A 50-year-old man developed progressive dementia over 6 months. His symptoms started with mood fluctuations and forgetfulness. He rapidly progressed to total dependency over 2 months. MRI brain showed symmetrical hyperintensities over the parieto-occipital white matter.

There was no past history of diabetes, hypertension, renal failure, exposure to toxic chemicals, radiation, or drugs. Family history was noncontributory. He scored 3/30 on his mini mental status examination (MMSE)[3] and there were no long tract signs.

Routine blood exam, metabolic and endocrine work up, HIV, VDRL, RA factor, ANA, p-ANCA, chest X-ray, ECG, EEG, nerve conduction study (NCV) and CSF studies were normal. An MRI after 4 months, showed increasing white matter changes. A stereotactic brain biopsy from the parieto-occipital area revealed congophilic amyloid material deposited on the walls or arterioles and medium sized muscular arteries in the grey matter and meninges. Scattered amyloid rich diffuse plaques were seen in the neuropil. Immunohistochemistry showed strongly amyloid beta protein (A beta) positive deposits in the vessel walls. Beta amyloid plaques were also present in the adjacent cortex. Some neuritic plaques, dystrophic neuritis and neurofibrillary tangles (NFT) were also seen in the cortical layers. The above histology suggested CAA with co-existing Alzheimer pathology. The patient′s family declined further investigations.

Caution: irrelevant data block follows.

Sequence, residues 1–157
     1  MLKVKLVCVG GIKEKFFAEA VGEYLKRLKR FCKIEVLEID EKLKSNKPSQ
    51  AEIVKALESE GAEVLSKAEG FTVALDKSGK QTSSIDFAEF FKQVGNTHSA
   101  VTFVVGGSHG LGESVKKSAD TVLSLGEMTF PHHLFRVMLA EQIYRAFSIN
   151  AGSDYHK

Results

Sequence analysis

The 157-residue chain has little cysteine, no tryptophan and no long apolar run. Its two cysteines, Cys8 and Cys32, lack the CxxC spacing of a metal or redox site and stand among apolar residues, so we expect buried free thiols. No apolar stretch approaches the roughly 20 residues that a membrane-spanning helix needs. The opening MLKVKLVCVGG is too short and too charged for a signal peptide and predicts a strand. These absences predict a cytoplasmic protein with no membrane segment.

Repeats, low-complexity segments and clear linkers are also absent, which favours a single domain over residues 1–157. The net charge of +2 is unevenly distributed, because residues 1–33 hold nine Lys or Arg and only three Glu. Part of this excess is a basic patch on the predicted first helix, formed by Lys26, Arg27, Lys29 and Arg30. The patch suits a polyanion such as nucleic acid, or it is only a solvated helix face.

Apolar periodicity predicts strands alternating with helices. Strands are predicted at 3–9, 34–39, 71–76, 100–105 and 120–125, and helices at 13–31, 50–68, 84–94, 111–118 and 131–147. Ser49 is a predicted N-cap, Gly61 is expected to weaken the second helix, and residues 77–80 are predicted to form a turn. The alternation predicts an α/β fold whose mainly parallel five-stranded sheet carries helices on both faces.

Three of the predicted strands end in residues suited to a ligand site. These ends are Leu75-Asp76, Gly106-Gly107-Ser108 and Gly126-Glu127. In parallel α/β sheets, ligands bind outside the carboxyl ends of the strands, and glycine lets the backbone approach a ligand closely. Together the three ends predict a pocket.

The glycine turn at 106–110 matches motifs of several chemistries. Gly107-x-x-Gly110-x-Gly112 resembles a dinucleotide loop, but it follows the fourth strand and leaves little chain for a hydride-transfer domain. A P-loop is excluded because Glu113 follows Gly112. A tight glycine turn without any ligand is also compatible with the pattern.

Cerebral amyloid angiopathy (CAA) refers to pathological changes in cerebral blood vessels due to deposition of amyloid proteins. CAA may be sporadic or familial and is definitively diagnosed only by biopsy. CAA predominantly affects the elderly, over the frontal, parietal, occipital lobes (often severely) and the cerebellar dentate nucleus. The basal ganglia, thalamus, brainstem and white matter are rarely involved.[1]

Amyloid involves cortical capillaries, leptomeningeal and cortical arteries, arterioles, veins, and venules and occasionally spills out into the surrounding tissues forming plaque like structures (provascular plaques). Age related dystrophic neuritis, senile plaques and neurofibrillary tangles that are less severe than in AD can accompany CAA. Our patient had a pathological combination of CAA and AD due to A beta deposition.